Florence Lin's Complete Book of Chinese Noodles, Dumplings and Breads
Format: PDF / Kindle (mobi) / ePub
An experienced teacher of Chinese cooking and a well-established author in the field (Chinese Regional Cookbook, etc.), Lin contrives here a novel departure from conventionally organized cookbooks. She divides the contents into three kinds of doughs: wheat-flour, rice-flour and those made from beans and other starches, and provides numerous recipes for noodles, dumplings and breads in each category. Much of the volume, however, is given over to fillings and accompanying dishessoups, salads, sauces and a wide variety of casserole combinations. This excellent guide is a large, generously packed volume, less specialized than the title implies and full of cook-ahead and other time-saving hints.
re"l)lution in the economy. By the end of the Han dynasty, wheat-f.G'...:rproducts, such as boiled noodles and steamed sesame breads. \<--ere achieving vast popularity; even the emperor ate boiled noodles. f ~~ that time on noodle vending became a thriving business-these \-endc!"'S being among the first of that noisy, colorful array of entrepreneu:-s '-:x: populate the streets of China. Like other cultures, the Chinese elevated these staples wheD ~~ came to ceremonial foods and offerings to the
more for the extension of ritual and hospitality than for the displa)" G: culinary art. The Mongols remained nomads even when they ,,'ere :'l1 power, and the Chinese viewed them with some disdain. With the restoration of Chinese power in 1370 under the first \E;-:g emperor, agricultural conditions began to improve, and soon rice ,,-as standard fare. With a population that was basically well fed, food on<:e again took on value as something meant to be enjoyed in all its \"ariei\". From the
sixteenth century on the expansion of commerce and genera; prosperity began to have an effect on northern cooking, in the sense that more foods were offered. Northern cooking had always been sim- The Origin of Chinese Noodles == 15 pIer than southern and still is, but the Ming dynasty redistributed many of the riches of the land. The sixteenth century onward also saw a new culinary pleasure develop-excursion boats that offered prepared foods from restaurants. Among the delicacies delivered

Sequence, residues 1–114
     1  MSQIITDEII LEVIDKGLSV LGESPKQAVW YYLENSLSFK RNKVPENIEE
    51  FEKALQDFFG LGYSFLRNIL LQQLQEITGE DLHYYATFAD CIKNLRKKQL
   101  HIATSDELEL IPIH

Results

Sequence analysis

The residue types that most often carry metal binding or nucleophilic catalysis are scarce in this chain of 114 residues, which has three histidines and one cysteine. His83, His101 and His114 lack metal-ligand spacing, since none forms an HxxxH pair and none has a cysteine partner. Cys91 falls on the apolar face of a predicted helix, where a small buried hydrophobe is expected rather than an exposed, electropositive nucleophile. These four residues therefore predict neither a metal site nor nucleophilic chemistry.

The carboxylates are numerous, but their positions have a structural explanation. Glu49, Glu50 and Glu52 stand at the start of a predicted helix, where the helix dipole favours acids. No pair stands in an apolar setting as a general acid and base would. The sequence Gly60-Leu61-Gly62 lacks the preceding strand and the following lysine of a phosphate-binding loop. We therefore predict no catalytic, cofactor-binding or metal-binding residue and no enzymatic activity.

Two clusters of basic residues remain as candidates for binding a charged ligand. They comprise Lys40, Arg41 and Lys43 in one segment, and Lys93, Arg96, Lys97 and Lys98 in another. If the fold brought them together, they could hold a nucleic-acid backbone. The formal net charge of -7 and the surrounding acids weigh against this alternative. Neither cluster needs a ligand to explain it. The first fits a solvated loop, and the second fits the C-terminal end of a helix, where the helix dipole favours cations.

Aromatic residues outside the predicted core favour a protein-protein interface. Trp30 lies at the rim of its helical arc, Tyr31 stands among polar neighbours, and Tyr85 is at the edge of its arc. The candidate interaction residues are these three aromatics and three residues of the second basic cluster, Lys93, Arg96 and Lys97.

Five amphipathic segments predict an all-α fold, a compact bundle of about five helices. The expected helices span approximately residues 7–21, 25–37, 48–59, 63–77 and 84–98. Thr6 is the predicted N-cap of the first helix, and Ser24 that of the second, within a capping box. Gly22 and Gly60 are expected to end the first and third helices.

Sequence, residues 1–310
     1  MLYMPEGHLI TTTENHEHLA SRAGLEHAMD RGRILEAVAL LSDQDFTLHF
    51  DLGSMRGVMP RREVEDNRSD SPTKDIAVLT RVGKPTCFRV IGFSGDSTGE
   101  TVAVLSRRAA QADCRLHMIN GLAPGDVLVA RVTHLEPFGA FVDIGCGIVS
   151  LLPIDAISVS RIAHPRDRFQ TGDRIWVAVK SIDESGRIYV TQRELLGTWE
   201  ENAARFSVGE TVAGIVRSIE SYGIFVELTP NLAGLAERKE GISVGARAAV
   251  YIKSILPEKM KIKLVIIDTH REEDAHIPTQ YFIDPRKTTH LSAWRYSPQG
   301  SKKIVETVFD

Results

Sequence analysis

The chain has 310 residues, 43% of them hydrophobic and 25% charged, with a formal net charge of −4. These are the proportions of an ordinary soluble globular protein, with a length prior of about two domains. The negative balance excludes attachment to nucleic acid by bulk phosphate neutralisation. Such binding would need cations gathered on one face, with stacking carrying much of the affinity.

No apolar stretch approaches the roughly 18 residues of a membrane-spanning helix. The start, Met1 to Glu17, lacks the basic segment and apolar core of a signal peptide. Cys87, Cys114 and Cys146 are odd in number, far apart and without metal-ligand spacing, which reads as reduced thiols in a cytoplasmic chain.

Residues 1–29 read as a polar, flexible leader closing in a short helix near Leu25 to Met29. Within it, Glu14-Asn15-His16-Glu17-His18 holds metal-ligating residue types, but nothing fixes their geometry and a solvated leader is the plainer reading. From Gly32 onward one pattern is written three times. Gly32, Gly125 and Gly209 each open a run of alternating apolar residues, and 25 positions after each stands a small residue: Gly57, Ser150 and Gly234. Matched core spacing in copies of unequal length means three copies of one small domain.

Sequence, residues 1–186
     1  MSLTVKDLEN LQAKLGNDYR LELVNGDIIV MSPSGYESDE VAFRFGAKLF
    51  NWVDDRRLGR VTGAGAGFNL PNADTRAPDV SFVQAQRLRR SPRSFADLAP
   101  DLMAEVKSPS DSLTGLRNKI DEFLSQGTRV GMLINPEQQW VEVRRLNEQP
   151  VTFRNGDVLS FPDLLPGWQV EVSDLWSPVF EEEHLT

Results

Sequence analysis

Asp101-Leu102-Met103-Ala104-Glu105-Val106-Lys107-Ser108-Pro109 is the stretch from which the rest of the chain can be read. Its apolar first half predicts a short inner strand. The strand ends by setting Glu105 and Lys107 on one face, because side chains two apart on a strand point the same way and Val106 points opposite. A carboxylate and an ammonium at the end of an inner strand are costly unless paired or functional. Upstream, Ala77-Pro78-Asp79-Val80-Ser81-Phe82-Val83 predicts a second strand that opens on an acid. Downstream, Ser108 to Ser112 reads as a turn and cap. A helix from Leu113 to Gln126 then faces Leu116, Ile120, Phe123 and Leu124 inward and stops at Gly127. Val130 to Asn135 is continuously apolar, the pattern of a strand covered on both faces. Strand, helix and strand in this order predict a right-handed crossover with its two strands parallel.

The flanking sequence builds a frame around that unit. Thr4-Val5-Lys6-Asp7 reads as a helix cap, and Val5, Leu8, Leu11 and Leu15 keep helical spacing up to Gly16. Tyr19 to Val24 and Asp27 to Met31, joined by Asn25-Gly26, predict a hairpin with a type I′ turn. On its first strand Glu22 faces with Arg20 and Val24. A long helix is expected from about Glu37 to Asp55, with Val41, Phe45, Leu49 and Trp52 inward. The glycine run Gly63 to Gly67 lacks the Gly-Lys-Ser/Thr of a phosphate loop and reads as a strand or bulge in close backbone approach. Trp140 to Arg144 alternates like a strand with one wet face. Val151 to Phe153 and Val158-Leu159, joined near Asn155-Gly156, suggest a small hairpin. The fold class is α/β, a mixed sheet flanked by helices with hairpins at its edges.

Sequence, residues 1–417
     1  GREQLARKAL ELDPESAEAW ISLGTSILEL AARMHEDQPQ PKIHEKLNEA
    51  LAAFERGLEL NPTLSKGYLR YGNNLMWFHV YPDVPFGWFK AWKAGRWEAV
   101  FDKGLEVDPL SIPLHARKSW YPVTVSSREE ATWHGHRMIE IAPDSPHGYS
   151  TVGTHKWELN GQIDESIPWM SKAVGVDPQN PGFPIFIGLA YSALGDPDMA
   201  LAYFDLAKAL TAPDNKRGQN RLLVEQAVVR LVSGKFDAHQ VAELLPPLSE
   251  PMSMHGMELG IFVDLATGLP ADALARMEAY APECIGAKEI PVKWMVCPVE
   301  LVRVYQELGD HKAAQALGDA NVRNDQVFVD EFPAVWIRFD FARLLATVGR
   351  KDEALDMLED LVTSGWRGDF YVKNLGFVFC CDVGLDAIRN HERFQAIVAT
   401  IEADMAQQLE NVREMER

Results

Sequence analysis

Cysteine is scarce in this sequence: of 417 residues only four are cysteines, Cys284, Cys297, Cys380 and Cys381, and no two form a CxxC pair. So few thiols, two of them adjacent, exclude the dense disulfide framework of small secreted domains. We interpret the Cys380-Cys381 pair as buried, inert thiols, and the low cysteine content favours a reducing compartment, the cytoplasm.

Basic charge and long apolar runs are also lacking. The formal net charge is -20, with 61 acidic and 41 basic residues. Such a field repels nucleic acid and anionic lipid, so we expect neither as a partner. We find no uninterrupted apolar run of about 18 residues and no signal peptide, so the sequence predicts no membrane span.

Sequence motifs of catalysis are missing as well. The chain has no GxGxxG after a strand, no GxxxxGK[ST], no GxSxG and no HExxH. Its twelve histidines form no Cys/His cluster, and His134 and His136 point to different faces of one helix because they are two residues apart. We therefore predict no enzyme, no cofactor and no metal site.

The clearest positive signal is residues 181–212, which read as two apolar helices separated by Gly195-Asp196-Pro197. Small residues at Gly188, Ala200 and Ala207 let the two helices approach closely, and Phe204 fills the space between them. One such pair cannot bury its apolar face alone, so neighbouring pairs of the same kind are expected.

purchase them in I'''xc's al (:hinese markets. When very fresh, they are slightly damp and KIVI'••If Ihe marveloLls smell or fresh dough. I 1111 «" ,kc'd YIIII Iii is g-rayish while; after cooking it becomes translucent 11101 IIII' I",Olln' is somcwhat crisp. There arc two ways to use this kind of 1'11'1111 H'I':( hII' is 10 1'111Ilit: shel'l ililo ~I/~-inch squares, to LIseas wrappers; II,,' ••1111'1' is 101'111it inlo vC'r)'filiI' shreds. Thcse slrips arc pressed aroLlnd .1I1.dl
!car glaze. Transfer the filling to a bowl and let it cool. It can be made ahead ime and refrigerated, covered with plastic wrap. ,01 I THE DOUGH FOR THE SHRIMP AND MEAT DUMPLING WRAPPERS pound wheat starch, about 1'12 cups I/~cup tapioca flour '11 teaspoon coarse salt 1Y2 cups boiling water 2 tablespoons corn oil or peanut oil '12 !\tAKING THE DUMPLING WRAPPERS '1llhinc the wheat starch, tapioca flour, and salt in a large mixing bowl. ~1.1kc a well in the center and pour in the boiling